PTSD Medication: A Thorough Roundup Of Available Options
PTSD Symptoms and Treatment
PTSD typically involves the vivid re-experiencing of a traumatic event, precipitating a heightened arousal and vigilance in situations where no actual danger is present. This is mainly brought about by increased activity of the sympathetic nervous system, related to the ‘fight-or-flight’ phenomenon, leading to increased heart rate, blood pressure, difficulty sleeping, recurrent nightmares, among other unfavorable symptoms. Depression, generalized anxiety, emotional numbness, and avoidance of activity also present in many PTSD patients. Different PTSD medications are used to respectively treat the more severely presenting symptoms in patients.
Selective serotonin reuptake inhibitors (SSRIs), commonly known as anti-depressants, are a class of medications that aim to improve overall mood by increasing the amount of serotonin (a neurotransmitter involved with emotional regulation) in the brain. Specifically, the SSRI is a molecule that blocks the reuptake of serotonin at the gaps between brain neurons.
Normally, after a neuron fires and releases serotonin, it clears the amount of serotonin at the gap so that it doesn’t continue to have an effect on other neurons. By blocking this clean-up action, the total amount of effective serotonin is increased, contributing to increased mood regulation. People with major depression, which is often co-morbid with PTSD, are purported to have a lower baseline level of serotonin. SSRIs have also been used to treat anxiety disorders due to the increased mood regulation.
SSRIs typically take up to 3-4 weeks to have full efficacy, as they are thought to re-wire the brain’s normal firing patterns over that period of time. Individuals respond variably to different medications, so although the basic function of each SSRI is the same, they may differ slightly in their detailed mechanistic action. This class of medications is often used as a first-line treatment for sufferers of PTSD.
Common SSRIs include Prozac (fluoxetine), Zoloft (sertraline), Celexa (citalopram), Lexapro (escitalopram), Paxil (paroxetine), and Luvox (fluvoxamine).
Benzodiazepines, commonly known as benzos, are a class of medications that aim to decrease overall anxiety by enhancing the effect of the neurotransmitter gamma-aminobutyric acid (GABA) in the brain. GABA is an inhibitory molecule that normally works in the brain to decrease overall neuron firing, or brain activity.
By enhancing GABA’s effect, benzodiazepines induce anxiolytic (anxiety-relieving) and sedative (sleep-inducing) effects on a person. PTSD patients are afforded short-term relief by the reduction of anxiety, hyperarousal, and sleep disturbance.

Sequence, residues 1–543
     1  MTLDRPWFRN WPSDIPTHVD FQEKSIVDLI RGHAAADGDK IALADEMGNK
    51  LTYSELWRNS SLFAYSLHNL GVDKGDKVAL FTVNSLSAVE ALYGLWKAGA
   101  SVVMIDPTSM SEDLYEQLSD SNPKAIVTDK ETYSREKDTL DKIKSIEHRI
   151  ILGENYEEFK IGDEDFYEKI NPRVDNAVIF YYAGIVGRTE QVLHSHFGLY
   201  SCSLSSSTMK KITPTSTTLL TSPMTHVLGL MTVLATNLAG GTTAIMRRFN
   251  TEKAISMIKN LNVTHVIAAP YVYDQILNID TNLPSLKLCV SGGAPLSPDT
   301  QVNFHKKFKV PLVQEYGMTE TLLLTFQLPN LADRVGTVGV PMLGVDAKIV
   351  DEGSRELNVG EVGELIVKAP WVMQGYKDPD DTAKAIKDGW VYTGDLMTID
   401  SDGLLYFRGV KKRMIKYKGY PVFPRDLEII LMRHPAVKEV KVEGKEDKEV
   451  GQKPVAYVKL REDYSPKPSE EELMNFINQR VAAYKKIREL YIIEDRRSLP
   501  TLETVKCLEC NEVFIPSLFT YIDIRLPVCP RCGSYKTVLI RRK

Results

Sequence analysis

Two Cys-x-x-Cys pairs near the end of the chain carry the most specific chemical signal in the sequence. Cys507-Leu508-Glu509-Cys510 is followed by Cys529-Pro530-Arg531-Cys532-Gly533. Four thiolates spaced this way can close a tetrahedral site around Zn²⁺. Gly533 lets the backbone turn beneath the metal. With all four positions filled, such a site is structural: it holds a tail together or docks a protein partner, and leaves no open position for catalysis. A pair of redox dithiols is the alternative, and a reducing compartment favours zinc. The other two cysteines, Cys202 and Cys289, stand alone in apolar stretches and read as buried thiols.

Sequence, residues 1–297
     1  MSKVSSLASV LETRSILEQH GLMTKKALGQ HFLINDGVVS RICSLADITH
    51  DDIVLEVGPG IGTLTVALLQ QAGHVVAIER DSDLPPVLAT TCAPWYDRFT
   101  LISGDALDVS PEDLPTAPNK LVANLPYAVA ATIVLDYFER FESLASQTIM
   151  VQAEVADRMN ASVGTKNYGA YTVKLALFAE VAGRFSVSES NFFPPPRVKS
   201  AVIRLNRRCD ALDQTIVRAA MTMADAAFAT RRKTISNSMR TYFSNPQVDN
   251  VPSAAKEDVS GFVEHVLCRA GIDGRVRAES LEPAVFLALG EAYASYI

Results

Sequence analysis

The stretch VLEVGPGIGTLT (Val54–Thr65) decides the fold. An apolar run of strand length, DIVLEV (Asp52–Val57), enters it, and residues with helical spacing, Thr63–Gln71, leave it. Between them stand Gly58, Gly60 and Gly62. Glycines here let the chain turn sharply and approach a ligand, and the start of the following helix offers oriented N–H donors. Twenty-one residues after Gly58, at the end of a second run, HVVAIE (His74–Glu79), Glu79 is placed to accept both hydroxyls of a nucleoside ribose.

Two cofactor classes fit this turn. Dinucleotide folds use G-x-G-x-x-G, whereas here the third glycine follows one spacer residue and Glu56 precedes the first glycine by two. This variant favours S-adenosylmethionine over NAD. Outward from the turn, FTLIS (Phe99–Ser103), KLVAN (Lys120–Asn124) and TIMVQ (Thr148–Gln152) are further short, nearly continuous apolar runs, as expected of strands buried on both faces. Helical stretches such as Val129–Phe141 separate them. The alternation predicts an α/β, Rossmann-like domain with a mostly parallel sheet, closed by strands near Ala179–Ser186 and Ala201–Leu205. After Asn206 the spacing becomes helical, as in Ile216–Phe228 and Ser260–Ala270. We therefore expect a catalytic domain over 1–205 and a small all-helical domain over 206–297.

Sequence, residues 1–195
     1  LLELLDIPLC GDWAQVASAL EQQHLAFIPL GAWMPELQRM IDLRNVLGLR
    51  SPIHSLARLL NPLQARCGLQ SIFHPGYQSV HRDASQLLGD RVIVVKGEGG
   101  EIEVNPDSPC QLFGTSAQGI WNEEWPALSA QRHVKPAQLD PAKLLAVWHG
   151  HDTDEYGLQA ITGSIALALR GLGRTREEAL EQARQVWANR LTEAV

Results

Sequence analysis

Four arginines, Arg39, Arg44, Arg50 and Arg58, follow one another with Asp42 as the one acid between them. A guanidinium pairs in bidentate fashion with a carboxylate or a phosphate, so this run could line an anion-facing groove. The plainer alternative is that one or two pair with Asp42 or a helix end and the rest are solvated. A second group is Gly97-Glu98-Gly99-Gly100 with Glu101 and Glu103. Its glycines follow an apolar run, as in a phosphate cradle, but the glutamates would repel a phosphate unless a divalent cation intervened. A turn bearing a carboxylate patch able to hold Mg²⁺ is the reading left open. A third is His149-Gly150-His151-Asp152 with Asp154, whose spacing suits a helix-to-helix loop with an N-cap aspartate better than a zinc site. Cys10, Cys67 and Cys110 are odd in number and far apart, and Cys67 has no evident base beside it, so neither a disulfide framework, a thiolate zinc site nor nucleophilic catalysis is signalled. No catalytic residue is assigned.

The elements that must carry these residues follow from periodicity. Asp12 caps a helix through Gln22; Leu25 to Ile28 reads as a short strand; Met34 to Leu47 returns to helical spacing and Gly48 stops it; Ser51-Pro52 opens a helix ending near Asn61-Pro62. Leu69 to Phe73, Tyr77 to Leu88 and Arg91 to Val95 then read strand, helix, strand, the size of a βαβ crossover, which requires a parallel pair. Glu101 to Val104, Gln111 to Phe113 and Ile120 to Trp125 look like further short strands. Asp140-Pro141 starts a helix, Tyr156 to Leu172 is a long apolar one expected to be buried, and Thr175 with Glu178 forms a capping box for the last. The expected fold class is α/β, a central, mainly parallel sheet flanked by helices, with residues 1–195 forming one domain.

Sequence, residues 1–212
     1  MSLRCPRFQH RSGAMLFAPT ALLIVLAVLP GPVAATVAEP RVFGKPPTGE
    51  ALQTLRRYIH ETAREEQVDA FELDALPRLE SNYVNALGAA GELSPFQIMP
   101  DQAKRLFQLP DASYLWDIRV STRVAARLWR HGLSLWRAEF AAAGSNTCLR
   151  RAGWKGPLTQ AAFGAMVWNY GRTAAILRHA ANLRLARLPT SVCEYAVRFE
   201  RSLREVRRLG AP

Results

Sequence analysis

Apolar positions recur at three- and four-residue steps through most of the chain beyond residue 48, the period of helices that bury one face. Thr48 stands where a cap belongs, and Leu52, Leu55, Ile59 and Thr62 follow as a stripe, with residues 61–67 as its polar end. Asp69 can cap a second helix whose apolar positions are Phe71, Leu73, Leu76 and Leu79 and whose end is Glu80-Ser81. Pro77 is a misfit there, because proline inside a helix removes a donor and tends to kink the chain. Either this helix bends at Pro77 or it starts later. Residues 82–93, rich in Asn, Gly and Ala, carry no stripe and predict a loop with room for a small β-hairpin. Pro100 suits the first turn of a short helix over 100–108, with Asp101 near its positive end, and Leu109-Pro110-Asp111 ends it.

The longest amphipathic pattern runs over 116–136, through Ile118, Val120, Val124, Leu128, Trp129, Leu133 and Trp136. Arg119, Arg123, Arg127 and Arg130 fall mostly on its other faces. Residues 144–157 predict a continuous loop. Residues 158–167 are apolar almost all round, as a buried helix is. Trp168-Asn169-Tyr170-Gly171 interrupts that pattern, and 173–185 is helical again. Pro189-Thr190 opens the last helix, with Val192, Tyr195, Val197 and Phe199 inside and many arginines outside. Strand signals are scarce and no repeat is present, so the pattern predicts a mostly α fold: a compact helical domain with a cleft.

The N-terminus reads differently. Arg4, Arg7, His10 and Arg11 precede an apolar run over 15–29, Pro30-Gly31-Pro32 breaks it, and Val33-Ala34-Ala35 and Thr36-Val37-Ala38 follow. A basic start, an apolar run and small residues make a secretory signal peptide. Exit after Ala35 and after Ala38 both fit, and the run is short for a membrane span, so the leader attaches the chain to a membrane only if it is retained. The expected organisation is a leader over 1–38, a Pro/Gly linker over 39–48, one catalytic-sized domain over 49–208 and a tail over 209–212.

Common benzodiazepines, used in PTSD treatment, include Klonopin (clonazepam), Xanax (alprazolam), and Valium (diazepam).
Alpha-adrenergic receptors, which are part of stress response in the nervous system, activate to reduce sympathetic characteristics such as hyperarousal, increased heart rate, hypertension, and other somatic symptoms. PTSD medication includes alpha-adrenergic agonists, which by definition activate alpha-adrenergic receptors to decrease sympathetic output.
Catapres (clonidine) and Minipress (prazosin) are the most widely used medications for these specific symptoms of PTSD.
Beta blockers (β-blockers), such as Inderal (propranolol), are beta-adrenergic antagonists, meaning they block the activity of beta-adrenergic receptors. These receptors normally activate in the presence of stress hormones, such as epinephrine, to increase arousal and cardiac activity. Blocking this activity, propranolol is a useful medication to reduce hyperarousal symptoms and can reduce sleep disturbances.
Risperdal (risperidone), an atypical antipsychotic, functions by antagonizing several classes of serotonin and dopamine (related to excitability) receptors. The exact mechanism of action is unknown, but it helps to decrease PTSD symptoms of dissociation, mood issues, and aggression.
Ambien (zolpidem), has been widely used to treat sleep disturbances, which are prevalent in those with PTSD. It functions at the same brain areas as benzodiazepines, but it is not classified as such due to its distinct chemical nature.
There are also many other medications that are used off-label to treat various symptoms; it is important to note that there is no “catch-all” medication for PTSD, as the disorder is defined by a cluster of symptoms. It is recommended for one to speak with a psychiatrist to discuss the best course of action for therapy and an individually-tailored PTSD medication regimen.
Shen, Howard (2008). Illustrated Pharmacology Memory Cards: PharMnemonics. Minireview. pp. 12.
Maxmen, J. S.; Ward, N. G. (2002). Psychotropic drugs: fast facts (third ed.). New York: W. W. Norton. p. 349
Berger, W.; Mendlowicz, MV.; Marques-Portella, C.; Kinrys, G.; Fontenelle, LF.; Marmar, CR.; Figueira, I. (Mar 2009). “Pharmacologic alternatives to antidepressants in posttraumatic stress disorder: a systematic review.”. Prog Neuropsychopharmacol Biol Psychiatry 33 (2): 169–80.